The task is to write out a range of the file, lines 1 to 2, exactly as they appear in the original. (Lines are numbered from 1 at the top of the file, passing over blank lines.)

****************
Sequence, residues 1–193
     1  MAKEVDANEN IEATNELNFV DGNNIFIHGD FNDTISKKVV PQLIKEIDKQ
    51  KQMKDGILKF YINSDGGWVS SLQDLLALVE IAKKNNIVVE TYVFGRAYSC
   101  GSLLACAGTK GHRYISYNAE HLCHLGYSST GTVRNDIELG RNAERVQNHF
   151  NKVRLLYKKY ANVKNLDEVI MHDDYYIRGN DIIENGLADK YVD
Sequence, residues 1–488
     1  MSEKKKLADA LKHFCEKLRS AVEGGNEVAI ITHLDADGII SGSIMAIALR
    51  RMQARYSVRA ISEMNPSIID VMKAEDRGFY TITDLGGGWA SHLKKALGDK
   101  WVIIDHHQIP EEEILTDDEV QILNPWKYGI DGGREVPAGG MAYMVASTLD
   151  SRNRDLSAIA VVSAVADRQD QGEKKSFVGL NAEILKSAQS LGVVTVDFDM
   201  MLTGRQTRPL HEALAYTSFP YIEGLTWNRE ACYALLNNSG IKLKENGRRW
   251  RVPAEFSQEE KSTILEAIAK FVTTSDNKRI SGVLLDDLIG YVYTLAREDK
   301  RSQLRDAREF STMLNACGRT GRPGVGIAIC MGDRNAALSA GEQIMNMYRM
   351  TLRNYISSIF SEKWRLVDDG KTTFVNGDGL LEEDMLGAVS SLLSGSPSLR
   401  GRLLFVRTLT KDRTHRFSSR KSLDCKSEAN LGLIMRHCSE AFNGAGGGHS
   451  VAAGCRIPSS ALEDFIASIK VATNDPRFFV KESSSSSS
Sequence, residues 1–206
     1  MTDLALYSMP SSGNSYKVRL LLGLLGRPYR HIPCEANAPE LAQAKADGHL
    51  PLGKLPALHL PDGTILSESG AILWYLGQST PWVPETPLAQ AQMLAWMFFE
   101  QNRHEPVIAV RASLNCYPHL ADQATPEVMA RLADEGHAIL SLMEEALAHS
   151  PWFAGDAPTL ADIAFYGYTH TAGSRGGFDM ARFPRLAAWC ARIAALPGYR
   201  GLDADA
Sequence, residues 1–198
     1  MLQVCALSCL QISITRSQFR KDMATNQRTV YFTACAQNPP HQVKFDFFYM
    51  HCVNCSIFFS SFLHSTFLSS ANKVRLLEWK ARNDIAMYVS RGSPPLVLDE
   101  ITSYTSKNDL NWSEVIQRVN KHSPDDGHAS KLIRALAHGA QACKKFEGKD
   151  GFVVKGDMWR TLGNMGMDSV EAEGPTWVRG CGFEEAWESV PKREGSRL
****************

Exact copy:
Sequence, residues 1–193
     1  MAKEVDANEN IEATNELNFV DGNNIFIHGD FNDTISKKVV PQLIKEIDKQ